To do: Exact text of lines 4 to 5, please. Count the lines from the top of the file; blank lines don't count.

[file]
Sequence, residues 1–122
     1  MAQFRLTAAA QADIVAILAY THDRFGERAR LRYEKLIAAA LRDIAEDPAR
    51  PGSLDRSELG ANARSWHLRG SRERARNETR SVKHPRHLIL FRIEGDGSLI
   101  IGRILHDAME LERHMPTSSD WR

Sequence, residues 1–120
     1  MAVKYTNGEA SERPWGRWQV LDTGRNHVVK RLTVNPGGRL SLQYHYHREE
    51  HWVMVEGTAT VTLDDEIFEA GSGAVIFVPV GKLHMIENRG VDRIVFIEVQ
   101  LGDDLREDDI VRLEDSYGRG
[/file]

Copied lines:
   101  IGRILHDAME LERHMPTSSD WR

Sequence, residues 1–120